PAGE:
Sometimes the universe and my soldiers have lessons to teach or wisdom to impart. They will go to any lengths necessary to make sure I am paying attention, even if it means the inconvenience of a flat tire and small cold. And that is what happened on 19 October – a flat tire and small cold.
I made it to Ammerzoden in a little over two hours and before it was dark, with no issues with the tire. The B&B owner, Tonja, was there to greet me and show me my home for the next two weeks.
Hedelbed is a sweet little B&B situated near a quiet field by the dike. You do hear birds, insects, the occasional horse, wind rustling through the trees, and the occasional car, but otherwise it is calm and peaceful. A perfect place to stop, think, rest, be still, and write. I had a large room with a bed and living room area, a kitchen, bathroom and if I wanted to bring guests on my next trip, there was a second room with beds off the main entrance.
On this trip I had tried to plan a few days of nothing. This meant I could sleep until I woke up, go where I wanted, eat what I want, or just do nothing. These were not days to meet someone, attend ceremonies, or give a program. Going with the flow for the trip and taking advantage of almost every opportunity meant I had only a couple of days like this left in my three weeks. Until, the universe and soldiers intervened and said, ‘STOP!’
On Monday evening I went to bed and did not set my alarm for an early hour. I did set it with enough time to get ready to go get the tire replaced in ‘s-Hertogenbosch 15 minutes away. I intended to be there by 9:00 but it was closer to 10 and that was fine. The tire was replaced within an hour and a half which was plenty of time to write and just be.
Sitting at the car dealership I realized the best thing for me that day was to go back to my cozy B&B and have lunch and hot tea, a nap, and then think about what to do next. It was NOT to go off to play tourist all over the place. And, I needed groceries for my B&B, so off to the local grocery store I went!
I had a luxurious nap that afternoon and when I woke decided to walk into the village and see what I could find. Tonja had mentioned a bakery in the town center. Bakery usually means something chocolate and yummy, so that’s where I went.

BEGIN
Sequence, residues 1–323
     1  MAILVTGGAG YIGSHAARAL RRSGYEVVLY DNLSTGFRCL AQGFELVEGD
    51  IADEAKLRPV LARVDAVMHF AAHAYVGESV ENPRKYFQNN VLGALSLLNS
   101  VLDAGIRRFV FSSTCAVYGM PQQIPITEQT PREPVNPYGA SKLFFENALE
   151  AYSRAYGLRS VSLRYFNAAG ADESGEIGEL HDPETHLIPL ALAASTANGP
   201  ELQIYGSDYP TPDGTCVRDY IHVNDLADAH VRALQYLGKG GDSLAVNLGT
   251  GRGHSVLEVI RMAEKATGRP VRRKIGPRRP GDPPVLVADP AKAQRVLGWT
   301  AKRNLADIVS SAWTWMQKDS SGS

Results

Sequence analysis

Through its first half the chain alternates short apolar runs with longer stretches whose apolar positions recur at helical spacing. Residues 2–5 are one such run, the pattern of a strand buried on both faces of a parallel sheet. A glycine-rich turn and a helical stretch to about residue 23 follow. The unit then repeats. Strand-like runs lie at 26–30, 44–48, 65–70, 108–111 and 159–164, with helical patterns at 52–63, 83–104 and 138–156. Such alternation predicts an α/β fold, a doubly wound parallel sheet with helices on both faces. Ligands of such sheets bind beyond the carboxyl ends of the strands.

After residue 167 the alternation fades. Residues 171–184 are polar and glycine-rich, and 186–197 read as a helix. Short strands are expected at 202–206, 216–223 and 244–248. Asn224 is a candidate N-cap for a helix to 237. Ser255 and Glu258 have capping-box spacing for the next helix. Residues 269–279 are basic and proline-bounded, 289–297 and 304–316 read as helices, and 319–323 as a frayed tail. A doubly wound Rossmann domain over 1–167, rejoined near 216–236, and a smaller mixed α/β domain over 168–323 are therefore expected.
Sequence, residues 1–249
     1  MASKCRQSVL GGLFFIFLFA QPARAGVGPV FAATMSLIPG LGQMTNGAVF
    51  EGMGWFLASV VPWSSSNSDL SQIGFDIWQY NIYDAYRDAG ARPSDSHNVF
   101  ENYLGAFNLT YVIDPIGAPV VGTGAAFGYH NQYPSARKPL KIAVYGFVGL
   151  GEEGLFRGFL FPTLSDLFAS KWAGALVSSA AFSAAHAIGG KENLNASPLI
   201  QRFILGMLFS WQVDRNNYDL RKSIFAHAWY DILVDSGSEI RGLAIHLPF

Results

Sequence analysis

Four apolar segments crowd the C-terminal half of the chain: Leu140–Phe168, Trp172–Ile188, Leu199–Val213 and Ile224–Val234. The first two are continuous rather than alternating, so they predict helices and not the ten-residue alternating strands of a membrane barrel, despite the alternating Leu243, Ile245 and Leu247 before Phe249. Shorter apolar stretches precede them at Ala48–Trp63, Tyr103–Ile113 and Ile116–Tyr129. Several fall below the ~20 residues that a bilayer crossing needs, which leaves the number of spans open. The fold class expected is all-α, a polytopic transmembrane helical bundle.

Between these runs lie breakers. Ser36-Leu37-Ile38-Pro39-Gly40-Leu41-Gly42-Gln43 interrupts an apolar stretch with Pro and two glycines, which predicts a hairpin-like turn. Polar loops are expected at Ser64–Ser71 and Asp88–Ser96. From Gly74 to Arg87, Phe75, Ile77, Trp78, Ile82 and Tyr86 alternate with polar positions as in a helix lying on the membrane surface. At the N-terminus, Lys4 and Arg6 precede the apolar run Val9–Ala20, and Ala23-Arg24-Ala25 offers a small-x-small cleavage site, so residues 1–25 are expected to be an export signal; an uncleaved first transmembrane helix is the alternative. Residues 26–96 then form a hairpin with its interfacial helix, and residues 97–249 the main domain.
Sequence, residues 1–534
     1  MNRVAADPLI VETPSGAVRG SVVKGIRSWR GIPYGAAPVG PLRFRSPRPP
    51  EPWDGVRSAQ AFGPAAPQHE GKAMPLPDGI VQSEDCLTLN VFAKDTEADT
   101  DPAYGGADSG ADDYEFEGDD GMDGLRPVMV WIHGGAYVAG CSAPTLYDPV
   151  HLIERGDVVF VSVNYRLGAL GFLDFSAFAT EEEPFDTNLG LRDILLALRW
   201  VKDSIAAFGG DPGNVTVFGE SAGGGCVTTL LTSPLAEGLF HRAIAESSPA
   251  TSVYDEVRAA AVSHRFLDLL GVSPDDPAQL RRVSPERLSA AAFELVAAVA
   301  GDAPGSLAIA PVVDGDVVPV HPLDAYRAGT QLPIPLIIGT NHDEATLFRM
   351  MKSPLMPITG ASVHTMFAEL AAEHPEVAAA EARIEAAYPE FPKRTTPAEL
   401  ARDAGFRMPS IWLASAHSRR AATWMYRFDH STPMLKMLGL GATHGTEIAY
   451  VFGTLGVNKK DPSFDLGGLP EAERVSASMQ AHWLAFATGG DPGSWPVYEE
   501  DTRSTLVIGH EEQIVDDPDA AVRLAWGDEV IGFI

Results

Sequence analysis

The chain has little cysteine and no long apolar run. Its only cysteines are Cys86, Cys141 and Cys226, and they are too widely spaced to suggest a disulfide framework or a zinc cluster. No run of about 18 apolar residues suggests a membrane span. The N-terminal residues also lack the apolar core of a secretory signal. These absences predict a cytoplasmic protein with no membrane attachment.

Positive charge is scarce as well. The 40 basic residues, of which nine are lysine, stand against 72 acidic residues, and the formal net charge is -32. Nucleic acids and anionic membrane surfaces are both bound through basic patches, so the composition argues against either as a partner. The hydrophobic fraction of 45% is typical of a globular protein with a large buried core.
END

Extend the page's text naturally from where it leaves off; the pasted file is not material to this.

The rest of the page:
The bakery was off the main road and had more bread and dessert options than a person could eat in a year! I had an Appleflappe (apple turnover) and coffee while I wrote. When I was finished I took a piece of chocolate yumminess with me and went walking. I first went to the church and lit a candle.
Over the course of the trip I lit candles in most churches or chapels I found. I lit them primarily for my soldiers and certain living people I was meeting on the trip or had unfinished business with. By the end of the trip I was even lighting them for myself. We all need help. The chapel was very small but full of love and I sat there a long time thinking. It became a wonderful spot to sit and think over the two weeks I was in Ammerzoden.
When I finished I walked down a road off the main road and stumbled upon Ammersoyen Castle. I knew I was staying within walking distance of one, but had not looked on the map to see exactly where it was. I didn’t go into the castle since I had food with me and it was getting close to closing time, but I did walk around the outside.
Across the road from the castle were the ruins of an old church. What ghosts wander there inside the building and on the grounds? I so desperately wanted to go inside the church but the entire area was fenced off. There was however an open gate and I did walk through and explore the outside of the church from a closer viewpoint.
The entrance to the main church yard was barred and locked. It appeared they open it on special event days only. I was able to take some photographs and conjure stories of what might go on there, especially after dark.
The walk back toward my B&B was peaceful and along the way I noticed another street that looked to lead to the dike. Feeling pretty good, I had to investigate! I found a bench along the narrow road which ran along the dike and sat there a long time. Cars passed. People on horseback rode by. And couples walking their dogs slowly moved past me. The skies were threatening rain but every so often the sun peeked through.
I sat on that bench a long time writing and just breathing in the country air while watching the barges and boats float by. Looking down that narrow, winding road, I knew another day before I left, I would have to return and take a long walk. See where the road led. But for this moment, sitting was the right answer.
Solo travel is good and, I feel, required at certain points in life. While on those journeys, sometimes being forced to stop and realize it is for your own good, can open marvelous new doors and ways of thinking and being.
Have you tried this recently?
© 2015 Jennifer Holik
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